In the new issue of Time magazine, veteran film critic Richard Corliss grumps about Netflix. And while it is part of a critic's job description to find something to grump about on a regular basis, you've got to shake your head a little bit at this one.
This needs to be said, first of all: Richard Corliss is 65 years old. I'm not saying anything; I'm just saying. When you hit a certain age, and you start fussing over stuff like Netflix, it's very difficult not to come off as Andy Rooney on a particularly Luddite-feeling day. If Netflix isn't as good as the video store, then the video store wasn't as good as the movie theater, and the movie theater wasn't as good as the live theater, and the live theater wasn't as good as sitting around the campfire in animal skins making shadow puppets.
But beyond that possibility, there's the simple logic of Corliss' arguments. His complaints come down to the following:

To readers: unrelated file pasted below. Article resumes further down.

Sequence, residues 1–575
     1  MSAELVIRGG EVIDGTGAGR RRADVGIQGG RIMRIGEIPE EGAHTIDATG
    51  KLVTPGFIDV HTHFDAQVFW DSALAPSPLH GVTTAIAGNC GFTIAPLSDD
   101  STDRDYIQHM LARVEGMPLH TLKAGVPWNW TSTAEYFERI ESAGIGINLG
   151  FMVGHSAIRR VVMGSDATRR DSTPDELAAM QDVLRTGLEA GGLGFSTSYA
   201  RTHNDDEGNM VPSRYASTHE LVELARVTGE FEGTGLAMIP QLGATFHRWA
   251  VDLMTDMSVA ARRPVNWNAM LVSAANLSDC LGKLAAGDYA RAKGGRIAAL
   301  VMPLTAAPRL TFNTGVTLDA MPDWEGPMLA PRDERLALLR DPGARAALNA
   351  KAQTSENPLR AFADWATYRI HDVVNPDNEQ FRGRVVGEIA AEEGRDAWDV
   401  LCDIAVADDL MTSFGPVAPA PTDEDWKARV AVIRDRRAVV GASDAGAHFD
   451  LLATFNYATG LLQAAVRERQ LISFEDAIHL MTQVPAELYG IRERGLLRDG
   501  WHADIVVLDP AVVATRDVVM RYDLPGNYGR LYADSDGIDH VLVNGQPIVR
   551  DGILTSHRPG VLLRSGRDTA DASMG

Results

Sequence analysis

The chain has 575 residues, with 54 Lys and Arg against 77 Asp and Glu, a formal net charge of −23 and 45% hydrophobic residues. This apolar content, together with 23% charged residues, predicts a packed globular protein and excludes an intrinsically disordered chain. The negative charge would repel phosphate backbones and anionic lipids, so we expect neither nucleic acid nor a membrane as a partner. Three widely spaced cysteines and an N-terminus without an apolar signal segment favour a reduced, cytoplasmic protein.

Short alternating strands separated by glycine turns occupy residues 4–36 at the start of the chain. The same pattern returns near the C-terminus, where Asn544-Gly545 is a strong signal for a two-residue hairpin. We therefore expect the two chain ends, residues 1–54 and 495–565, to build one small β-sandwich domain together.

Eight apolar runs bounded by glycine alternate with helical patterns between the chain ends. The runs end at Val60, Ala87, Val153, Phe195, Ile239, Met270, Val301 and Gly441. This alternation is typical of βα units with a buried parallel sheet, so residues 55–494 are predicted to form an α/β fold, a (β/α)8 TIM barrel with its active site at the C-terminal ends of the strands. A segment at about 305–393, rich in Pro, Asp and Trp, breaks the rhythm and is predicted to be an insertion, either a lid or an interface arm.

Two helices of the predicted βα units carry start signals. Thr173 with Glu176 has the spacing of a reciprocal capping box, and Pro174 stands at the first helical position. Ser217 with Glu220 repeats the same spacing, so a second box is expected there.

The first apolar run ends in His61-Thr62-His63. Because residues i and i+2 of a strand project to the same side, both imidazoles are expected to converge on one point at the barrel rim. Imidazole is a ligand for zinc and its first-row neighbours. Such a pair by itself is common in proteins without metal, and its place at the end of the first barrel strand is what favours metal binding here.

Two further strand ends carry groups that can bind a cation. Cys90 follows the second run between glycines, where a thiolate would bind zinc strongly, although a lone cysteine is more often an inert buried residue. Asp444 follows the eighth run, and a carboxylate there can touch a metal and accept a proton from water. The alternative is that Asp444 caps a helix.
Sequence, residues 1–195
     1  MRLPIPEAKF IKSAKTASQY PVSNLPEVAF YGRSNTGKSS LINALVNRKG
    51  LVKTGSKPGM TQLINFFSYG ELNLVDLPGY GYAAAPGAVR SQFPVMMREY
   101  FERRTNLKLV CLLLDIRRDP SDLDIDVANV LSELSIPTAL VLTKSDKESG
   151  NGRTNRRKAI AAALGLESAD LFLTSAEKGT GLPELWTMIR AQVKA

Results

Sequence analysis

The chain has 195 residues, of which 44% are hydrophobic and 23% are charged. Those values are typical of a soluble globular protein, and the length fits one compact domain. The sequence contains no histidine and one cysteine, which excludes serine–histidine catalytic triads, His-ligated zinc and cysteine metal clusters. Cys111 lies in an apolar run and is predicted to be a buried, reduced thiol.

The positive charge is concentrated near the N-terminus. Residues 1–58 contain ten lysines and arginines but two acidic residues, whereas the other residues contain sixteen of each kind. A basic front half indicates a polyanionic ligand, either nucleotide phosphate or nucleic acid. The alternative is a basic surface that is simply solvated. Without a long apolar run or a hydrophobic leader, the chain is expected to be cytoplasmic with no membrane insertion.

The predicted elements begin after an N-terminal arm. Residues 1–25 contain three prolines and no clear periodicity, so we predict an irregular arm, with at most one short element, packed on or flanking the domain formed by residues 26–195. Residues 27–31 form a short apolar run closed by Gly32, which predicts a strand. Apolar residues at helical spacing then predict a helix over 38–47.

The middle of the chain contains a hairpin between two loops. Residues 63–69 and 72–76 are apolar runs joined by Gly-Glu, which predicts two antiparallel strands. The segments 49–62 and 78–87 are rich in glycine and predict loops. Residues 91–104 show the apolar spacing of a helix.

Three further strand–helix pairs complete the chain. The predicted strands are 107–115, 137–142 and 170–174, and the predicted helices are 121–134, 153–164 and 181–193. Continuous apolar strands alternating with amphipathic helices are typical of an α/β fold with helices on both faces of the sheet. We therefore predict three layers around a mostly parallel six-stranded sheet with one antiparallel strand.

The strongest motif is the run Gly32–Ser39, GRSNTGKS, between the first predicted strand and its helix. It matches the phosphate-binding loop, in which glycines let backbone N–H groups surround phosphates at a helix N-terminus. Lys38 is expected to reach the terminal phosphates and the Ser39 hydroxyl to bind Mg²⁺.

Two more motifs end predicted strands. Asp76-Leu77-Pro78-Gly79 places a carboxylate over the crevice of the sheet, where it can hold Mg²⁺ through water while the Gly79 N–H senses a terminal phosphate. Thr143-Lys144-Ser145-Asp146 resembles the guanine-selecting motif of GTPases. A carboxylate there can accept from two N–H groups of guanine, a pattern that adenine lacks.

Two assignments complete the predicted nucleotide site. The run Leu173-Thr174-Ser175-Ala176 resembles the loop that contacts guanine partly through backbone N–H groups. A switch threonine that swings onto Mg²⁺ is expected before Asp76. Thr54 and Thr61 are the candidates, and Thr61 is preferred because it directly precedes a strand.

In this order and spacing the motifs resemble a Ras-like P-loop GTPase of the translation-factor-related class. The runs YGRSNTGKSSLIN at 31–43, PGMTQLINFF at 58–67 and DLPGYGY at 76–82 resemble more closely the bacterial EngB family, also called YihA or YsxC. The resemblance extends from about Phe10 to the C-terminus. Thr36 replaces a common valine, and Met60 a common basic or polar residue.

1) You can't get what you want RIGHT NOW. Heaven forbid an American be required to plan ahead.
2) If you want the same product a lot of other people want, you might have to wait a while for it. Try placing a hold at your local library, or going to your remaining local video store, and see if that isn't still true. Or whether it isn't true about *anything* where demand exceeds supply.
3) You miss out on the banter with your friendly neighborhood video-store clerk. And what a very New York argument this is, considering most of America hasn't had anything that wasn't a Blockbuster or Hollywood Video since around the time we were all worrying about the Y2K bug.
For the record, I'm not currently a Netflix subscriber. Considering the amount of time I have in my life to devote to older movies -- plus the sheer quantity of them I've already seen as part of my job -- the numbers just don't add up, even once you take into account that it could be a tax deduction. But it's a tremendously useful resource for those who don't get paid to see every new theatrical release. There are more -- and better -- arguments to be made for avoiding movie theaters, frankly: obnoxiously talky and/or text-happy fellow patrons; crying babies; cost; pre-movie commercials. Point your ire in a more deserving direction, Mr. Corliss. Or just put down the red envelope and step away slowly.